The Tyranny of Faith by Richard Swan

February 23, 2023

Please note The Tyranny of Faith is the second book in The Empire of the Wolf trilogy. If you haven’t read The Justice of Kings then what follows will likely contain minor spoilers. Consider yourselves duly warned!

A Justice’s work is never done.

The Battle of Galen’s Vale is over, but the war for the Empire’s future has just begun. Concerned by rumors that the Magistratum’s authority is waning, Sir Konrad Vonvalt returns to Sova to find the capital city gripped by intrigue and whispers of rebellion. In the Senate, patricians speak openly against the Emperor, while fanatics preach holy vengeance on the streets.

Yet facing down these threats to the throne will have to wait, for the Emperor’s grandson has been kidnapped – and Vonvalt is charged with rescuing the missing prince. His quest will lead him – and his allies Helena, Bressinger and Sir Radomir – to the southern frontier, where they will once again face the puritanical fury of Bartholomew Claver and his templar knights – and a dark power far more terrifying than they could have imagined.

The Justice of Kings was a first-rate fantasy thriller and one of my favourite novels from 2022. Its sequel has been released this week and the good news is Richard Swan has delivered once again.

The Tyranny of Faith picks up shortly after the events of book one. Sir Konrad Vonvalt is summoned to the nation’s capital, Sova, while the embers of revolution still smoulder. He has spent years on the road, attempting to avoid the political machinations of the ruling classes, but the Emperor’s whim cannot be ignored.

As before, the novel is narrated by Helena Sedanka. Sir Konrad Vonvalt’s often conflicted law clerk sits at the emotional core of the narrative. Lofty ideas like justice, fairness and equality mean everything to Helena. It is fascinating to watch how the harsh realities of life are often at odds with exactly that. Helena is young enough to still have principles and she has placed her employer on a bit of a pedestal. The only danger with doing that is more often than not people never live up to your high expectations of them.

The Tyranny of Faith digs deeper into Vonvalt the man. In The Justice of Kings, Vonvalt came across as something akin to the living embodiment of the law. I viewed him as a fantasy-infused Judge Dredd.  There was a standoffish quality that purposefully kept him removed from everyone else. In this new novel, we get to see a peak behind the curtain. We learn how Vonvalt the man differs from Vonvalt the justice. The foibles and failings we see help to humanise the man, adding additional layers of depth to his character. There is also the odd revelation or two that make you realise how he has become the person that he is. I love to see this kind of growth in a character as a series develops.

Every good protagonist, no matter how flawed, needs a suitable adversary. Vonvalt’s nemesis, Bartholomew Claver is one of those self-absorbed narcissistic types who is utterly convinced he is in fact the hero of his own story. There is a supremely confident air that surrounds him. Doubts are meant for the little people not for the likes of Carver. Within about five minutes of his appearance I want to smack him upside the head. I’d hazard a guess that is the sort of reaction you’re always going to want when it comes to a villain. There is going to be a reckoning. We’re heading towards it at a rate of knots. The ultimate, inevitable showdown between Vonvalt and Carver is going to be a case of the unstoppable force meeting the immovable object. That’s bound to be loads of fun.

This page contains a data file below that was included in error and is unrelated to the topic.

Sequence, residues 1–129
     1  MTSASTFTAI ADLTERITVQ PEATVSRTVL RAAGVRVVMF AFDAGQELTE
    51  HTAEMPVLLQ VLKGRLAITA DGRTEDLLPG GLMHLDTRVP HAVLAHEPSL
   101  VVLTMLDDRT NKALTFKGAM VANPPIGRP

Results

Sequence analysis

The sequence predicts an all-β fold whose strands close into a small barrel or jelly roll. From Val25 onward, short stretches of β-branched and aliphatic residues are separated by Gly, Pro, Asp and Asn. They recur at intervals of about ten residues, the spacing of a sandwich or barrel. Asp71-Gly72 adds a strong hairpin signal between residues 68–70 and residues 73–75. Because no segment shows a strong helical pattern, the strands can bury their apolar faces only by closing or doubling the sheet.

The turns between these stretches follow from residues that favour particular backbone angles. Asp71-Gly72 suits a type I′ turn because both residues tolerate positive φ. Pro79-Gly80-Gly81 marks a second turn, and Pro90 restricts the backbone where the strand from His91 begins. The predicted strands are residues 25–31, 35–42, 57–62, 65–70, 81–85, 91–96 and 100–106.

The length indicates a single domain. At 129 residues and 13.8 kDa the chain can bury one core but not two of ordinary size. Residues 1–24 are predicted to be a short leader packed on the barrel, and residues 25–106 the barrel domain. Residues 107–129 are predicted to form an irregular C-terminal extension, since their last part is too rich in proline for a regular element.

I think one of the things I like most about this series so far is how the actions of a small cast of characters have such far-reaching consequences. There are decisions that Vonvalt has to make that will shape nations for decades. What started out in The Justice of Kings as something like a fantastical police procedural has morphed into an insightful political thriller that just happens to have some fantasy elements.

There are some cracking action scenes in the novel as well. Helena and Sir Radomir find themselves in the midst of a battle at one point and Swan’s writing expertly captures the frenetic chaos of the encounter. I’m a big fan of balls-to-the-wall, all-out action fantasy but I’m glad when a story comes along that manages to be all that and has brains to boot. Based on how much I’ve enjoyed these first two novels I can confidently confirm that the author has earned himself a lifelong fan. I reckon that is just about the best compliment I could ever give.

The Tyranny of Faith ends on a suitably downbeat note. Things do not end well for Vonvalt and his motley band of loyal retainers. What this does do is set things up perfectly for what promises to be a quite spectacularly finale. The Tyranny of Faith has delivered everything I would want from a sequel. The world-building has been expanded upon, the tension in the plot has been turned up a multitude of notches and everything is still left to play for.  I shall be waiting impatiently from now until book three arrives on my doorstep! I must know what happens next.

The Tyranny of Faith is published by Orbit and is available now. Highly recommended. Please promise me though that, if you haven’t already, you’ll read book one first.

As ever I’ll round off my bookish musings with a musical recommendation to accompany this novel. In this case, I’ve chosen the soundtrack to The Pale Blue Eye by Howard Shore. It’s just occurred to me that if they ever adapt The Empire of the Wolf for the screen, based on his performance in The Pale Blue Eye alone, Christian Bale would be an excellent choice for Sir Konrad Vonvalt. I would watch the hell out of that.


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